'Cause I'm the Taxman

Welcome to the most feared day of the calendar year for many Americans: Tax Day. The day of reckoning. Or as it’s written in the book of John, Paul, George, and Ringo…


Let me tell you how it will be / There's one for you, nineteen for me / ...Should five percent appear too small / Be thankful I don't take it all / ...If you drive a car, I'll tax the street / If you try to sit, I'll tax your seat / If you get too cold, I'll tax the heat / If you take a walk, I'll tax your feet / Well I'm the tax man, yeah, I'm the tax man / Don't ask me what I want it for / If you don't want to pay some more / Cause I'm the tax man, yeah, I'm the tax man /...And you're working for no one but me.”


It’s the day we pay the check for one more round at the great American smorgasbord; eat as much as you want, no doggie bags, kids eat for free. And while we have all year to do it, this is the one day where we’re pretty much forced to examine our financial lives.


Now I certainly hope that most of you have your taxes filed by now. If you’re lucky, you’ve already started to get your state or federal returns. But before you take the deep breath and prepare to burrow in for another long year of fiscal hibernation, I think you owe it to yourself and your family to examine things just one more time.


A little over a year ago, I wrote an article (Resolutions Revisited) in which I challenged you to make 2007 the “beginning of the end of your personal debt.” Well, I’m certainly not going to go through your accounts like the IRS, but I am curious as to how well you’ve done, or if you’ve even done anything.


I realize that this past year was riddled with potential pitfalls, as the economy seems to teeter on the brink of recession, the dollar falls, gas prices climb, and the housing market seems less stable than Britney Spears’ career. However, there’s always an excuse out there if you look for it. And, call me cold if you must, but even if it wasn’t all your fault, it is still your responsibility.

I’m not here to judge, I know how hard it is to climb out of the pit of personal debt. I’d love to tell you that my family is paid in full, but you know I’d be lying. I’m not here for any of that, but I am here to encourage you again. Maybe the past year didn’t go your way, but I can honestly tell you, regardless of where you are, there is hope and you can reach your goal. That’s not to say it will be effortless or without sacrifice and self-control, but it can be done, and it is very much worth it.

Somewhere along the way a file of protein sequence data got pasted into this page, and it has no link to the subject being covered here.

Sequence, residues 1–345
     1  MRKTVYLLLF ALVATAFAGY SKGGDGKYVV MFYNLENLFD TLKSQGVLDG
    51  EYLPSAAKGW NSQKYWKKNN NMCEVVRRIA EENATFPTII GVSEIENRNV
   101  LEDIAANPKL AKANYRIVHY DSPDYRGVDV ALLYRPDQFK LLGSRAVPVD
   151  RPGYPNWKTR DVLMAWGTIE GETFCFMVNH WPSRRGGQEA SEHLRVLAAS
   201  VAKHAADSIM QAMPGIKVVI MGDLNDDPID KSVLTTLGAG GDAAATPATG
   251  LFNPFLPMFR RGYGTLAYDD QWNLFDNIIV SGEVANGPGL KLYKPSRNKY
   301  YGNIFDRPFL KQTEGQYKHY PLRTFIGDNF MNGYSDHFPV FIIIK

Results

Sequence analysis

As a reminder, even carrying a few thousand dollars of debt on a credit card with an average interest rate means that you’re literally throwing away a buck or two every day of the year. Imagine, getting out of bed, brushing your teeth, getting dressed, and then taking a couple of bucks out of your wallet or purse and throwing them in the garbage. Sounds rather silly, but it’s exactly what’s happening.


So, when that refund check, or economic stimulus check comes your way this year, you might want to think twice about what you spend it on. You can choose to buy new stuff today, but you’re probably better served paying for the stuff you bought yesterday.


And while we’re on the topic of fiscal responsibility, here’s a little more information to add to the discussion. The group Citizens Against Government Waste has released its “2008 Congressional Pig Book Summary”, which details most of the pork barrel spending that’s been going on with our tax dollars. This year’s report lists just a portion of the 11,610 projects that were added to appropriations bills worth more than $17 billion. While you might be able to make arguments for some of the spending, keep in mind that all of the projects described meet at least one (if not more) of the following criteria:

Requested by only one chamber of Congress,

Not specifically authorized,

Not competitively awarded,

Not requested by the President,

Greatly exceeds the President’s budget request or the previous year’s funding,

Not the subject of congressional hearings, or

Serves only a local or special interest.


While I suggest that you check out the full report at www.cagw.org, I thought I would share some of my personal favorites.


Several Congressmen inserted close to twenty million dollars in funding for presidential libraries. This includes $8 million for the John F. Kennedy Library, $7.43 million for the Richard Nixon Library, and $3.76 million for the Lyndon Baines Johnson Library. Keep in mind that these libraries already receive annual operating subsidies through the National Archives and Records Administration.


There’s a $196,000 appropriation to help the city of Las Vegas complete the renovation of the downtown Post Office into a museum on local history. Apparently what “Stays in Vegas” isn’t quite enough to keep their tourism trade afloat. The wife and I were really stuck on several different vacation destinations, but I must say, a museum on the history of Las Vegas is pretty high on my "bucket list".


And my personal favorite: close to two million dollars was set aside by Rep. Charles Rangel for the (you guessed it) Charles B. Rangel Center for Public Service. Apparently generosity is much easier when it’s not your money you’re handing out.


While we mark Tax Day as a moment to reflect on the money we have, perhaps we might also want to spend a little more time watching the money that didn’t make it into our wallet as well.

Read More on Perspective
Volume 4, Issue 8, Posted 6:36 PM, 04.05.2008